Decline in sightings of frogs and toads in Scottish gardens

Sightings of frogs and toads in gardens have declined as ponds vanish. Picture: PA
Sightings of frogs and toads in gardens have declined as ponds vanish. Picture: PA
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Sightings of frogs and toads in gardens have declined as ponds vanish, survey results from tens of thousands of households suggest.

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The RSPB said information gathered from its annual Big Garden Birdwatch, which also asks people about what other wildlife they see in their gardens, showed a decline in sightings of the amphibians since 2014.

Frogs are the most commonly-seen wild visitor to gardens other than birds, spotted in more than three-quarters (76 per cent) of backyards at some point in the last year, according to the survey, which includes results from 174,000 gardens.

But while they were seen at least monthly in 39 per cent of outside spaces in the last year, the figure is down from 46 per cent in 2014, the last time they were included in the survey.

It is a similar story for toads, which were seen in 20 per cent of gardens and outdoor spaces, down from 28 per cent four years ago.

The disappearance of garden ponds and pools, important habitat for amphibians, is putting pressure on frogs and toads, conservationists say.

The RSPB is urging people to get outside and create simple ponds and pools in their outdoor spaces this summer.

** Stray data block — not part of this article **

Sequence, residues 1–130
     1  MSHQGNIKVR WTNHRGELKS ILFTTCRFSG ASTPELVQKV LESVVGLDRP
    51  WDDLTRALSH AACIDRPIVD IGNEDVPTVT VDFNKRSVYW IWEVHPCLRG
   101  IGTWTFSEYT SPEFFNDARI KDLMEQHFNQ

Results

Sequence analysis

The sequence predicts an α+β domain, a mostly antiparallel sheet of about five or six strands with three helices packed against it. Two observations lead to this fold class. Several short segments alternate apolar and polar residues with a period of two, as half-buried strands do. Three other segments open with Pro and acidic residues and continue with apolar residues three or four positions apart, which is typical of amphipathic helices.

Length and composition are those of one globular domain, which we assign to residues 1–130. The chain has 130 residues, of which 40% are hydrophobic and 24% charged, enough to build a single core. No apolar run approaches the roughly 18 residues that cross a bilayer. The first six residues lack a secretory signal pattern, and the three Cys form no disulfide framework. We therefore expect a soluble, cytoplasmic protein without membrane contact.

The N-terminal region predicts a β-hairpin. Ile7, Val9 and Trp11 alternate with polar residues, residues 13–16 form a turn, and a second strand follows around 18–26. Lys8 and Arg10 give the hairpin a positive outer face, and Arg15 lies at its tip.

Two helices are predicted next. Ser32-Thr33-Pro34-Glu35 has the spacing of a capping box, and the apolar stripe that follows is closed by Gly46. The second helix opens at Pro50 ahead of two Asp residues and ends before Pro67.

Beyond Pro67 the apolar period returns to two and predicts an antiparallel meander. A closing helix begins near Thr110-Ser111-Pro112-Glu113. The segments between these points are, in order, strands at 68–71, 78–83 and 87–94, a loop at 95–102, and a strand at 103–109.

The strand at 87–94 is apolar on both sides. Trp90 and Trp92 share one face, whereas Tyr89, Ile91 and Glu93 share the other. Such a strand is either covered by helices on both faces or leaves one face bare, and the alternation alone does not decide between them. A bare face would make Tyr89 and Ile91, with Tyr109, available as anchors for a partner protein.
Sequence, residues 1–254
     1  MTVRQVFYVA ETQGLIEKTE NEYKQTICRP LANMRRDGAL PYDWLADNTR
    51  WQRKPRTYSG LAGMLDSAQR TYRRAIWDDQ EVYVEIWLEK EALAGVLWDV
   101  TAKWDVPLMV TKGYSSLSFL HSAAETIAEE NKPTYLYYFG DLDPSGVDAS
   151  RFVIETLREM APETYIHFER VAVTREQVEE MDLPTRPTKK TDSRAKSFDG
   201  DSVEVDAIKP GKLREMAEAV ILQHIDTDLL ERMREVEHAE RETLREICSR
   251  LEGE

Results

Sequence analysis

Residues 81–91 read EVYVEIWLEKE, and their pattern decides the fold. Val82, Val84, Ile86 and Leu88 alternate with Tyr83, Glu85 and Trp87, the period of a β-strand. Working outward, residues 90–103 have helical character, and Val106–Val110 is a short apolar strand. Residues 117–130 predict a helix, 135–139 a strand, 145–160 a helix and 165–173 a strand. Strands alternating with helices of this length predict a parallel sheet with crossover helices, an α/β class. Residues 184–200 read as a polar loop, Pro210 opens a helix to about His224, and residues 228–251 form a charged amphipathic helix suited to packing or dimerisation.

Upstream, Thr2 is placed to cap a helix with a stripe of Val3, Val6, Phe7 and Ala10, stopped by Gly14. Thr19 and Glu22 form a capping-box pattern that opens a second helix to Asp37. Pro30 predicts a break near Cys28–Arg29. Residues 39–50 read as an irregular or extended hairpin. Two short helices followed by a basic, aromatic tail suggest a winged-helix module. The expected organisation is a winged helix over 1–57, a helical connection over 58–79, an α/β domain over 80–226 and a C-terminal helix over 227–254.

Dr Daniel Hayhow said: Most people remember seeing tadpoles at the local pond or a toad emerging from under a rock while they were growing up - these first experiences with nature stay with us forever.

“Unfortunately, the sights and sounds of wildlife that were once common to us are sadly becoming more mysterious.

“There are lots of simple things we can all do in our outdoor spaces to make them perfect for wildlife.

“Frogs and toads are amphibious creatures, meaning that they need a source of water close to their homes to survive.

“Creating a small pond in your garden, or a pool using a washing-up bowl, is so simple to do and could make all the difference.”

Dr Karen Haysom, from wildlife charity Amphibian and Reptile Conservation, said: “Frogs and toads face many pressures including the loss of habitat like ponds.

“Helping these fascinating creatures by making wildlife habitat in your garden, or taking part in species recording and monitoring schemes so we understand how nature is faring, is fun and can make a difference.”

Other results about wildlife reported as part of the Big Garden Birdwatch survey show an increase in sightings of hedgehogs compared with last year - seen in almost two-thirds of gardens at least once in the year.

Foxes also continue to be commonly seen in gardens, spotted in almost three-quarters (72 per cent) of outdoor spaces by people taking part in the survey.